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Sylvian and Insular Veins

Surgical Correlation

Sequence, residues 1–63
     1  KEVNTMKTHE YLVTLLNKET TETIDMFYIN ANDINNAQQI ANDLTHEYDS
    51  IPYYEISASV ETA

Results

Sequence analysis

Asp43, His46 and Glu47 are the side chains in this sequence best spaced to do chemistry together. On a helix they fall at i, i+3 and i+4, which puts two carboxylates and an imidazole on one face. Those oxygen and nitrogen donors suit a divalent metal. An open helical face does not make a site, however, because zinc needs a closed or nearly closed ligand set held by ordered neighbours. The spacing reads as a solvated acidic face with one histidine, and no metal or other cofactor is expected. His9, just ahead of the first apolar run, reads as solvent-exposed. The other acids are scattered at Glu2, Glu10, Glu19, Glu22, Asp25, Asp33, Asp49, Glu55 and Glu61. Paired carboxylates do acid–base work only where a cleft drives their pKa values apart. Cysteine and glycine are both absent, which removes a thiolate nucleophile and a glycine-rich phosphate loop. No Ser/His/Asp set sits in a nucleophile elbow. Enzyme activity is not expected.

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A, Sylvian and insular veins. Lateral view of the sylvian fissure. The posterior two-thirds of the superficial sylvian vein is larger than the anterior third, which is very small. The large posterior segment of this superficial sylvian vein joins the vein of Labbé and the anterior end joins an anastomotic vein crossing the frontal lobe. Duplicate anastomotic veins fitting the criteria for a vein of Trolard connect the sagittal sinus to the sylvian veins: one crosses the frontal lobe and the other crosses the parietal lobe. The lip of the sylvian fissure has been retracted to expose a small deep sylvian vein, which crosses the insula and passes medially below the anterior perforated substance to join the basal vein. The lower retractor is on the planum polare, an area free of gyri on the upper surface of the temporal lobe. Further posteriorly on the upper surface of the temporal lobe are the transverse temporal gyri that form the planum temporale. B, Enlarged view of another specimen. The lower opercular lip has been retracted to expose the deep sylvian veins passing around the lumen insula to course below the anterior perforated substance and join the anterior end of the basal vein. C, The frontoparietal operculum has been removed. The veins draining the opercular lips and insula pass predominantly to the large superficial sylvian vein rather than forming a large deep sylvian vein. D, Another specimen showing the veins on the insula converging to form a deep sylvian vein that passes above the middle cerebral artery and below the anterior perforated substance to join the anterior end of the basal vein. The most anterior of the transverse temporal gyri is Heschl’s gyrus. (Images courtesy of AL Rhoton, Jr.)

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